(Fixes typographical error in paragraph 4)
The group, which sells clothing, shoes, accessories and beauty products targeted at 16- to 40-year-olds, made adjusted earnings before interest, tax, depreciation and amortisation (EBITDA) of 173.6 million pounds ($241.4 million) in the year to Feb. 28.
That was ahead of analysts’ average forecast of 171.3 million pounds and more than the 126.6 million pounds made in 2019-2020 financial year.
Unlike rivals that rely on stores which had to shutter for several months during coronavirus lockdowns, Boohoo was able to trade throughout.
Publicity over failings in Boohoo’s supply chain did not appear to dent sales as revenue rose 41% to 1.75 billion pounds.
In September, Boohoo accepted all the recommendations of an independent review that found major failings in its supply chain in England after newspaper allegations about working conditions and low pay in factories in the Leicester area.
In March, the group revealed a major consolidation in its supplier base as it published a full list of British manufacturers to meet a pledge on transparency.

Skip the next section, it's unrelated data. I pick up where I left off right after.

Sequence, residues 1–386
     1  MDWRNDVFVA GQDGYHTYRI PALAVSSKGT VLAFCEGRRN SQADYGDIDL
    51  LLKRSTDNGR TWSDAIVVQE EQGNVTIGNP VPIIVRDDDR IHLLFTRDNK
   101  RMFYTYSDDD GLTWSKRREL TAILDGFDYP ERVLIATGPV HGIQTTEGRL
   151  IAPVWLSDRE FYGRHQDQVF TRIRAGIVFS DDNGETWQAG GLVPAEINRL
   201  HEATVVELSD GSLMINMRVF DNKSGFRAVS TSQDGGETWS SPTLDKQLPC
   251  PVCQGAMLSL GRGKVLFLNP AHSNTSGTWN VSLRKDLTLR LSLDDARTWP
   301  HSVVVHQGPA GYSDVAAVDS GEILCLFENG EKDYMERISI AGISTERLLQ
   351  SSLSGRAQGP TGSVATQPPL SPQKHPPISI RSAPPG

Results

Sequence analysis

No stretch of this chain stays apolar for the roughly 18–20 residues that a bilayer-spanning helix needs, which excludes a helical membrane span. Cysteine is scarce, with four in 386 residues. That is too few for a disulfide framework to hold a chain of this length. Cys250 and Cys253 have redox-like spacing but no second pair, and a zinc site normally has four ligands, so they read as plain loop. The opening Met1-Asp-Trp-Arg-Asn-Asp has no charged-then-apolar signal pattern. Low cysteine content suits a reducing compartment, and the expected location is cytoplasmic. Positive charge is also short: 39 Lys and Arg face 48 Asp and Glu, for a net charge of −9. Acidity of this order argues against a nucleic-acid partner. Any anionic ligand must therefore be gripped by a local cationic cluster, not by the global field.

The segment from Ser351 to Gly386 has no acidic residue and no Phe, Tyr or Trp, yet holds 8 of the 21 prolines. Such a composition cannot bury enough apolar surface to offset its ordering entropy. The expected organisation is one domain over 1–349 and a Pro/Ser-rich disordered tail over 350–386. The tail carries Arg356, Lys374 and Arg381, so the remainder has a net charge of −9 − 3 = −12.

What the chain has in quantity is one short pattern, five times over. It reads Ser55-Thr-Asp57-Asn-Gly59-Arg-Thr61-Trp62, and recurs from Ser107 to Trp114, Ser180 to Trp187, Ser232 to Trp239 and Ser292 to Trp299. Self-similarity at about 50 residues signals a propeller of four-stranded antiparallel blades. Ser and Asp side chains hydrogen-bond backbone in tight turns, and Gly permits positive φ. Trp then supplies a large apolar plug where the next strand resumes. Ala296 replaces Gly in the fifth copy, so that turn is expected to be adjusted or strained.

In January, Boohoo purchased the Debenhams brand out of administration for 55 million pounds and in February bought the Dorothy Perkins, Wallis and Burton brands from the administrators of Arcadia for 25.2 million pounds.
Boohoo forecast revenue growth for the 2021-2022 year of around 25%, with the newly-acquired brands expected to deliver approximately five percentage points of this growth.
It said trading in the first few weeks of the new financial year had been “encouraging”.
But it cautioned that the economic outlook remained uncertain and it expected the benefits from reduced returns over the last 12 months to begin to unwind this year, while still experiencing significantly higher carriage and freight costs.
($1 = 0.7192 pounds)
(Reporting by James Davey; Editing by Kate Holton and Edmund Blair)